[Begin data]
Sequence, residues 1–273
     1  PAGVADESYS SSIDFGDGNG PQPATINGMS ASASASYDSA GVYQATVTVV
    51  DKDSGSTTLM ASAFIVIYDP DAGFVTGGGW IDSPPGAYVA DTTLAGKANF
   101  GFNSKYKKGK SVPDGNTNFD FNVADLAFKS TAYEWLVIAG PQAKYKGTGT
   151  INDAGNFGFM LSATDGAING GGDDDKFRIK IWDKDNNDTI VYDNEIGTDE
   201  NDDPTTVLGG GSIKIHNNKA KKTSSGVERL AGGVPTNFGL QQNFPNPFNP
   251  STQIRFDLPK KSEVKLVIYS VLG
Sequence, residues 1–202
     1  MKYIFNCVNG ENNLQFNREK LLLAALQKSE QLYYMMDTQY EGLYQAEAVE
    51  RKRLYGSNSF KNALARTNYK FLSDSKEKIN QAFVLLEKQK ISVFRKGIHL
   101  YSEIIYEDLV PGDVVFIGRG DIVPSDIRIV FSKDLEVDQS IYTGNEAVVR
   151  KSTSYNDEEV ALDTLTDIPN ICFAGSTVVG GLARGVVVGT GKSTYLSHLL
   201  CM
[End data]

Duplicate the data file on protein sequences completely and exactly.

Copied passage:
Sequence, residues 1–273
     1  PAGVADESYS SSIDFGDGNG PQPATINGMS ASASASYDSA GVYQATVTVV
    51  DKDSGSTTLM ASAFIVIYDP DAGFVTGGGW IDSPPGAYVA DTTLAGKANF
   101  GFNSKYKKGK SVPDGNTNFD FNVADLAFKS TAYEWLVIAG PQAKYKGTGT
   151  INDAGNFGFM LSATDGAING GGDDDKFRIK IWDKDNNDTI VYDNEIGTDE
   201  NDDPTTVLGG GSIKIHNNKA KKTSSGVERL AGGVPTNFGL QQNFPNPFNP
   251  STQIRFDLPK KSEVKLVIYS VLG
Sequence, residues 1–202
     1  MKYIFNCVNG ENNLQFNREK LLLAALQKSE QLYYMMDTQY EGLYQAEAVE
    51  RKRLYGSNSF KNALARTNYK FLSDSKEKIN QAFVLLEKQK ISVFRKGIHL
   101  YSEIIYEDLV PGDVVFIGRG DIVPSDIRIV FSKDLEVDQS IYTGNEAVVR
   151  KSTSYNDEEV ALDTLTDIPN ICFAGSTVVG GLARGVVVGT GKSTYLSHLL
   201  CM